Returning a Gift

A good friend today blurted out to me all of his pains on feeling he has been betrayed by people and by certain causes.

His predicament came at the time when classes are about to be wrapped up, when our cares in the classroom must be put to an end, and when all our labors in the academia for five months must be offered to the altar of wisdom.

The friend came with full composure.

He is that: poised despite the feeling of panic, calm despite his own terror within.

He is an artist, this friend.

Sensitive and caring, he has the capacity for mindfulness, absorbed in the details of things, and yet able to see the bigger picture without losing sight of what a good word could do to produce something enchanting and magical, something that would turn the world around one more time.

He tells me: a person returned his gift to her.

I told him: it is strange.

He said: she asked for that gift.

I told him: then take it back.

Then came the long, silent pause.

I did not want to invade him as he sought his refuge in the silences of moments. I let him be, and I remembered the same feeling I felt when I went through the same experience.

Our stories run parallel now, and the shenanigans of finite time come to haunt us, overtaking us from moment to moment, and giving us all the self-doubts we need to affirm the authenticity of our dreams, desires, visions.

In our work with the academia, some things are black.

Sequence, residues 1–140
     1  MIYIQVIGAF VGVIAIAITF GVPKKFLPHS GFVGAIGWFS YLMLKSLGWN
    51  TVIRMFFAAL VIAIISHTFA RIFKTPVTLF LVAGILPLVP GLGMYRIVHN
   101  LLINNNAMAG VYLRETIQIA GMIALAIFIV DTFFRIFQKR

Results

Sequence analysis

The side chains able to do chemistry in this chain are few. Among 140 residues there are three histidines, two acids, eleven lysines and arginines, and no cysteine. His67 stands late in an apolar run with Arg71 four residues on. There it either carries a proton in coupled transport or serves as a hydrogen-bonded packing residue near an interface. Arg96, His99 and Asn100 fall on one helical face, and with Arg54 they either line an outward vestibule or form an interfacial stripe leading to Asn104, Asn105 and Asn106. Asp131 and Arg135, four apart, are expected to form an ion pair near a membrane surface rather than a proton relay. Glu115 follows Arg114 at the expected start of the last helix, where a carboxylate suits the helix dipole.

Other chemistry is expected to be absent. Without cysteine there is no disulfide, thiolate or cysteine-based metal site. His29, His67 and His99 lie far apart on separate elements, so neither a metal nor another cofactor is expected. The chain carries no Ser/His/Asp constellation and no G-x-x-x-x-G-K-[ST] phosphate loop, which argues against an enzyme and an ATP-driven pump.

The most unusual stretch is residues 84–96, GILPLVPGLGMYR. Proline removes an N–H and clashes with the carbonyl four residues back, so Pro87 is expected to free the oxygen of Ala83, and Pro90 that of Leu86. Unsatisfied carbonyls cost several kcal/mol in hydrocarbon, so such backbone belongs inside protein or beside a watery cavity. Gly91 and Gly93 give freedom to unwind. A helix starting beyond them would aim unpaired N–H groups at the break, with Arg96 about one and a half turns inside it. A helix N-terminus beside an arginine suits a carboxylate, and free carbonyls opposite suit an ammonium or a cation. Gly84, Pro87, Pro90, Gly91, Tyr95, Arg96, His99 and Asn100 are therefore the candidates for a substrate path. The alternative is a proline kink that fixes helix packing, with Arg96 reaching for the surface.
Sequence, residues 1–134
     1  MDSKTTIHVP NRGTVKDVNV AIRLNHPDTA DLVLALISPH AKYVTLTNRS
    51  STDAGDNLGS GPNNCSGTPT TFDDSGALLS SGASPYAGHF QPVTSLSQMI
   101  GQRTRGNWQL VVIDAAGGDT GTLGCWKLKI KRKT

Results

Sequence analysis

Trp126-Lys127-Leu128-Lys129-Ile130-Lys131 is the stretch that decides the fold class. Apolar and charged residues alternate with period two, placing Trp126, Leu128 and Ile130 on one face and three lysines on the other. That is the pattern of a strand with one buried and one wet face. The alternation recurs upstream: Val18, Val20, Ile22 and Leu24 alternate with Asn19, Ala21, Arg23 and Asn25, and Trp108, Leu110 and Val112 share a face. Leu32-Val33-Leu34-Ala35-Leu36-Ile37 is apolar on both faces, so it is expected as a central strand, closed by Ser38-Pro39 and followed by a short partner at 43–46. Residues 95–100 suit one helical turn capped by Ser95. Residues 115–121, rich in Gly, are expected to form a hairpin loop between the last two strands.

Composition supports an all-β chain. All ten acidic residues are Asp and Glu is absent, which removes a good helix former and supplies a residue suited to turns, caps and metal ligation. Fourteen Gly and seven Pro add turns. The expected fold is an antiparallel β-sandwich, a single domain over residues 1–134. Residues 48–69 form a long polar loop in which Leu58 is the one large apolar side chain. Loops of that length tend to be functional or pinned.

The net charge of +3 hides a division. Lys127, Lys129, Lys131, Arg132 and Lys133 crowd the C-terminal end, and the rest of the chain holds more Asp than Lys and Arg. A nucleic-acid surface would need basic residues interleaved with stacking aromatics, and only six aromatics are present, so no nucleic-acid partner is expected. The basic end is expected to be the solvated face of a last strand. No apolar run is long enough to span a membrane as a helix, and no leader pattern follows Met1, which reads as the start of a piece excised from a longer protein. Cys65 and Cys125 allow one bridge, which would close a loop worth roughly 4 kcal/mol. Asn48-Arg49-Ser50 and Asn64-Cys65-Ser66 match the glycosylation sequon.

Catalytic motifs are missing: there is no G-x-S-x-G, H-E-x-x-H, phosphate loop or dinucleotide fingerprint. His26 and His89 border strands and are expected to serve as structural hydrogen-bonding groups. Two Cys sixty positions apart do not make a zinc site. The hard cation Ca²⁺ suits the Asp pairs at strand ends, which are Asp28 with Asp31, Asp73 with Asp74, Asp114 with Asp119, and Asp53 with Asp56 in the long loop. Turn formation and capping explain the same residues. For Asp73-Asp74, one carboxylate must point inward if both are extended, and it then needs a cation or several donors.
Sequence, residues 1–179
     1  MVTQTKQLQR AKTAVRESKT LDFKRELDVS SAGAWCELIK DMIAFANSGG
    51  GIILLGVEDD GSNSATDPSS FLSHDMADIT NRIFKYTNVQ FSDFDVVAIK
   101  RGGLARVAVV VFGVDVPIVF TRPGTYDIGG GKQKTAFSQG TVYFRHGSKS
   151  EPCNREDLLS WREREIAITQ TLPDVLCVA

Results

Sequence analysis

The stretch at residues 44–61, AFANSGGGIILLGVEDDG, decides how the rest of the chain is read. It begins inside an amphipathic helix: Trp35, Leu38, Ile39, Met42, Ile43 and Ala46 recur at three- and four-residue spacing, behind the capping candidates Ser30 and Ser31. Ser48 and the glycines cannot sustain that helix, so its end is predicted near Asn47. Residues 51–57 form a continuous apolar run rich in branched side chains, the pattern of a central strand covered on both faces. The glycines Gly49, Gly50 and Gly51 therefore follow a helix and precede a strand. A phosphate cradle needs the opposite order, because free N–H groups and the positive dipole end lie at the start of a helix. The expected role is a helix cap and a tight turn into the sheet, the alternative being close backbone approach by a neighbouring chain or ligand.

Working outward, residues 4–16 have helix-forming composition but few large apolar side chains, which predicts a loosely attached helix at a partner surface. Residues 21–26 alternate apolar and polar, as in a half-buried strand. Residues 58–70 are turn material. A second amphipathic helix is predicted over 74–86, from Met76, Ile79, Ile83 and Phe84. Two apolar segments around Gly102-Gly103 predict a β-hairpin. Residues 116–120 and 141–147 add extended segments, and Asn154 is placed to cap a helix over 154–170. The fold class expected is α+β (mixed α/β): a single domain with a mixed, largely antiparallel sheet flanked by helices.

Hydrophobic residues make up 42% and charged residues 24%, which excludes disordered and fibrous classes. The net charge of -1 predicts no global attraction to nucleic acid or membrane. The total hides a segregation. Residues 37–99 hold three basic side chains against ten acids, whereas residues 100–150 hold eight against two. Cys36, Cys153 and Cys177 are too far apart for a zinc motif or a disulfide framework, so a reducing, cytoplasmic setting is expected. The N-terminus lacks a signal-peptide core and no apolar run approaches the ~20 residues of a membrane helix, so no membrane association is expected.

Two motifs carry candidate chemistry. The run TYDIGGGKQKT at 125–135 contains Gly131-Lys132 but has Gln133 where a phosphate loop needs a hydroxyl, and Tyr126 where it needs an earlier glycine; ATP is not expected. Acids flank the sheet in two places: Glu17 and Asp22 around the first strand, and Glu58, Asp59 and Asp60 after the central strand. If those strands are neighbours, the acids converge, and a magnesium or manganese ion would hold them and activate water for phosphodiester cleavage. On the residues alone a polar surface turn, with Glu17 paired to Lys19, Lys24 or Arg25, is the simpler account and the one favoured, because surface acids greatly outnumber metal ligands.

Some things are white.

But in between are the grays of all kinds, all hues.

The in-betweens are real, and the hurts more so.

Academics wear many kinds of masks and play many kinds of roles.

Trained to think, sometimes their thoughts wander, and these go to the far reaches of another universe until we realize they are not themselves any longer.

Some academics have resorted to looking at the world from the perspective of convenience and comfort, and from their angled perspective of greatness.

Some have this wistful thinking that their eminence must be recognized all the time, every time, and failure to do that means a failure to acknowledge your debt to them, your debt of gratitude that should not die but should live on and on, forever and ever.

It is the same malady we see among many writers, Ilokano or otherwise, but more so among Ilokanos.

Some can afford to come up with a systematic campaign to destroy you.

Some have the capacity to smear you with all the dirt and mulct they can get to destroy whatever reputation you have got.

In cahoots with all those willing mindless souls on the Internet, they can cannibalize you, body and spirit, and destroy you by all means.

This friend looked at me straight in the eye and tells me, ‘It is not worth keeping, this gift that was returned to me.’

I tell him, ‘Keep it forever so you remember that some people have pained you and you will gain from this pain.’

‘Yes, you are right,’ he tells me. He takes the gift returned to him and puts on the shelf of his office, that shelf that he sees everyday that he comes to work.

As he arranges his books, I look at those majestic Manoa Mountains with the clear skies as their backdrop.

The scene invites.

It is lonely at the mountaintop. 

Hon, HI/May 10, 2013

No comments: